MP3 player puts new spin on tape decks

Digisette has begun selling the $250 Duo-MP3, a portable MP3 player that not only looks like a cassette, but also can be popped into a traditional tape deck to play its stored music.

Although the tape deck is near the end of its life, an MP3 player just hitting the market aims to give the venerable device a new purpose.

New Vernon, N.J.-based Digisette has begun selling the $250 Duo-MP3, a portable MP3 player that not only looks like a cassette, but also can be popped into a traditional tape deck to play its stored music. That's because in addition to serving as a digital music player, the Duo-MP3 has a converter that allows digital music to mimic the analog signals of a cassette.

"All you do is press play and it will start playing," said Jeff de Gracia, the start-up's vice president of marketing. Press fast-forward for more than a second and the Duo will sense the increased speed of the cassette player and skip to the next song. Press rewind and it goes back a song.

When it's not sitting in a tape deck, the unit works like other portable MP3 players.

The initial version of the Duo-MP3 comes with 32MB of flash memory, enough for only about 30 minutes of CD-quality sound. However, the unit can be expanded with add-on flash memory using the Multimedia Card format.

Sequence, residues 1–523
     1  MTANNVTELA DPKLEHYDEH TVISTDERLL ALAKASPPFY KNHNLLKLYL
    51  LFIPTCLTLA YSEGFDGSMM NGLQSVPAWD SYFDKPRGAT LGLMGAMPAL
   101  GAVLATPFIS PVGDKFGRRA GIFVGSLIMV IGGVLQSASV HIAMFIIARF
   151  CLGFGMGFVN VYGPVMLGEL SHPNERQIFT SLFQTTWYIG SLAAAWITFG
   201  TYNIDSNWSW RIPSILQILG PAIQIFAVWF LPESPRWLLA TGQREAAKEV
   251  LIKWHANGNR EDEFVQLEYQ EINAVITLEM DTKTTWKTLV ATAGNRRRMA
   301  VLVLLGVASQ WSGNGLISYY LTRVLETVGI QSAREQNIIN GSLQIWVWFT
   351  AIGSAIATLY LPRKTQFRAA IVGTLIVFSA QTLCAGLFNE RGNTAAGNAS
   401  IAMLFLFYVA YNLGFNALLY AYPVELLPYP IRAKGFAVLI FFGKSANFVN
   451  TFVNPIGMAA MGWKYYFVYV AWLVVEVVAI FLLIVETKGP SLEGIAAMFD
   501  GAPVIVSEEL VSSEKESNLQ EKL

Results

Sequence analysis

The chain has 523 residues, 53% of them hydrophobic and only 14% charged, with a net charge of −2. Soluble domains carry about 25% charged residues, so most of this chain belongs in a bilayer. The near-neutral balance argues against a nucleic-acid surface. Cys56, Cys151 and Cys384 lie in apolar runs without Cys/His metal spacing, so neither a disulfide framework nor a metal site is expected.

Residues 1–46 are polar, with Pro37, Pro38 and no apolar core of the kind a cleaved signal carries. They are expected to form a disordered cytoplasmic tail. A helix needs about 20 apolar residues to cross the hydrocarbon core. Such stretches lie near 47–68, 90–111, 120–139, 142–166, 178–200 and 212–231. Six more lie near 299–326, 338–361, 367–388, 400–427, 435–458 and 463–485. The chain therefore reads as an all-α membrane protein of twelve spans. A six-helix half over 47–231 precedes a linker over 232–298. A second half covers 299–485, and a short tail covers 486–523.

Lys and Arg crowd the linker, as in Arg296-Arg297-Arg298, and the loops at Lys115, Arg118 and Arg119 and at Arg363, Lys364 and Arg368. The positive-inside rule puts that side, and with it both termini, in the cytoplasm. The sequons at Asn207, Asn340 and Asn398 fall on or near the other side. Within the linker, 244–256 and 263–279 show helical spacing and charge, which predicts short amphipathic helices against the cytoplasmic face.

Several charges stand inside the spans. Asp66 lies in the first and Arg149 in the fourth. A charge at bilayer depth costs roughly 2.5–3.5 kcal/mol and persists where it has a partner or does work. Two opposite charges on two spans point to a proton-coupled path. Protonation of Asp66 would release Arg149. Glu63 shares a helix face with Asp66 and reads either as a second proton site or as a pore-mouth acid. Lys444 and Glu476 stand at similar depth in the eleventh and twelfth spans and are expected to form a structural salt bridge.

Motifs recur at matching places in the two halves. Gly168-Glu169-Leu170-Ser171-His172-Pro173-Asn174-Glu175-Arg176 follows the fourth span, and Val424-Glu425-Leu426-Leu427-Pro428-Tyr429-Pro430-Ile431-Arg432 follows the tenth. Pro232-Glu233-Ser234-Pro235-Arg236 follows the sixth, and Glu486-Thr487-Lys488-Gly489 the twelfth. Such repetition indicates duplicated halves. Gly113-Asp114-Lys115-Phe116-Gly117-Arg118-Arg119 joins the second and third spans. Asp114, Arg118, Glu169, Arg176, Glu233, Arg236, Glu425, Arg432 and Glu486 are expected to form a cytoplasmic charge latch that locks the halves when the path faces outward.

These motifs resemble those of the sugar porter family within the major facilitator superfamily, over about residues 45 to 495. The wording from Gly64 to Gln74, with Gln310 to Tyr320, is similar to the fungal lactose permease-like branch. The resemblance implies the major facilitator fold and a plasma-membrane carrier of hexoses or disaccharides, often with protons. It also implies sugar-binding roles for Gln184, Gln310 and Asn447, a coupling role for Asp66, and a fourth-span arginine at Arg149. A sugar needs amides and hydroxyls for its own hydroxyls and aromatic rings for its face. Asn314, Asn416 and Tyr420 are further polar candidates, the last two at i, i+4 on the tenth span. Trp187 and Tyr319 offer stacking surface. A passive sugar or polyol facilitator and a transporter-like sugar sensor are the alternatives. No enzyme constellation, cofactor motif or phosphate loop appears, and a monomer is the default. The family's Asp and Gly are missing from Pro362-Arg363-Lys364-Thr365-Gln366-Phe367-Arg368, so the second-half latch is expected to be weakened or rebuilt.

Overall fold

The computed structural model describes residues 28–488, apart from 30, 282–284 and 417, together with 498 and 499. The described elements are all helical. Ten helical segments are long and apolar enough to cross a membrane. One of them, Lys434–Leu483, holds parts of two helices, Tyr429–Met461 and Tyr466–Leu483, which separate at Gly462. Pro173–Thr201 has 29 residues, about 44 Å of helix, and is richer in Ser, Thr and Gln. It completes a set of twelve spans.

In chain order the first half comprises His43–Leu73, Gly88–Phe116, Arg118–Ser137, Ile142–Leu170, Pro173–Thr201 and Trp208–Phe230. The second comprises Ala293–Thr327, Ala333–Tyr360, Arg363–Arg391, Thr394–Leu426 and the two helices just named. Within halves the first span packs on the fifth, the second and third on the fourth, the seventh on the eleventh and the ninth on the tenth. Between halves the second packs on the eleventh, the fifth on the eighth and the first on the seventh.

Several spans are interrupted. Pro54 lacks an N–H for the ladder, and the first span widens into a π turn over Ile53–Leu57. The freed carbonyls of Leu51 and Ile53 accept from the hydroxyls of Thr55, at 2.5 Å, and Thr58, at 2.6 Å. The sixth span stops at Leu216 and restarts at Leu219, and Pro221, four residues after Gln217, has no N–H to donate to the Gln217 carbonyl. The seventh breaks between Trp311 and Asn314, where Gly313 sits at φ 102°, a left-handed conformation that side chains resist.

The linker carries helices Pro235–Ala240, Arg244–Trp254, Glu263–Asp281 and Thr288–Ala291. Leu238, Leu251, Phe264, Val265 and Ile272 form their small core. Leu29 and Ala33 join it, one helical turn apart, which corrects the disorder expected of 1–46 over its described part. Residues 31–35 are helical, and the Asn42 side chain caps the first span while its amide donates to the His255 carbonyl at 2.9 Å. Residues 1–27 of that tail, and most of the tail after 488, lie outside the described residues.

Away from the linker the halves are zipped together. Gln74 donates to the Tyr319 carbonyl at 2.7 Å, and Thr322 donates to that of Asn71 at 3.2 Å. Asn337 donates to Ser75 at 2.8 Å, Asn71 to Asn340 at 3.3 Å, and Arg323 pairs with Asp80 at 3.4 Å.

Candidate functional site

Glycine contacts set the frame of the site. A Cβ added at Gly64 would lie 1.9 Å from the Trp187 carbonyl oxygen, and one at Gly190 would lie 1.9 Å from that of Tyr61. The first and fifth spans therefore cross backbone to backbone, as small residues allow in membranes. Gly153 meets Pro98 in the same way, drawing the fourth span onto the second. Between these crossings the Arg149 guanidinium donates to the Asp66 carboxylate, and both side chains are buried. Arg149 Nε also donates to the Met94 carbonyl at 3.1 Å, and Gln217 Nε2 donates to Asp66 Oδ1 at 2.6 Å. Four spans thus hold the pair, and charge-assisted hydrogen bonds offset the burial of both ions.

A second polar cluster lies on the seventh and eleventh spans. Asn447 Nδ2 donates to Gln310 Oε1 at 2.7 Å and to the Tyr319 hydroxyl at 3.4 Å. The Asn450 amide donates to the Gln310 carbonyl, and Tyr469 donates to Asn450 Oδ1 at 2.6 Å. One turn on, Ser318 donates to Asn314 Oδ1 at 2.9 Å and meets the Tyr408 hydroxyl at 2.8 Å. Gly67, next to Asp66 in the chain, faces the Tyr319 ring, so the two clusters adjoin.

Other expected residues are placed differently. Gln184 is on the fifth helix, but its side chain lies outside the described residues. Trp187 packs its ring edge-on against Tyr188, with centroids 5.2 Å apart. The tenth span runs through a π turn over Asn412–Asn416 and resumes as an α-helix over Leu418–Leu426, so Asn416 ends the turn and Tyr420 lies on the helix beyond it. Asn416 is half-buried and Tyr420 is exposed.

Technology such as that used in the Duo-MP3 was shown off by several Asian manufacturers at the Consumer Electronics Show in January in Las Vegas. The 20-employee Digisette gets its units from one of the companies, Korea-based HWI. Digisette said it also has secured licenses to key intellectual property that should give it a corner on the U.S. market.

The unit, advertised in a weekend newspaper circular from Amazon.com, is also being sold through Outpost.com and traditional stores including Staples, Babbages, Everything Wireless and FAO Schwartz.

The Duo-MP3, which hit stores earlier this month, gets downloaded music from a PC using a parallel port connection and has a rechargeable battery that gives about six hours of play time.

Bryan Ma, an analyst with market researcher IDC, said the idea behind the Duo is intriguing.

"It's interesting just in that we're talking about adapting to the existing infrastructure," Ma said, noting that there is a lot of experimenting going on with different designs for MP3 players.

De Gracia declined to say how many of the players he expects will sell this year but said it will certainly be at least in the tens of thousands.

"I'd love to have PlayStation 2 problems, but I don't think we'll get those numbers this year," he said. Digisette is also working on upgrades to the Duo, as well as other products.

So is an 8-track player version in the works?

"That's a little too retro," de Gracia said.

Close
Drag
Autoplay: ON Autoplay: OFF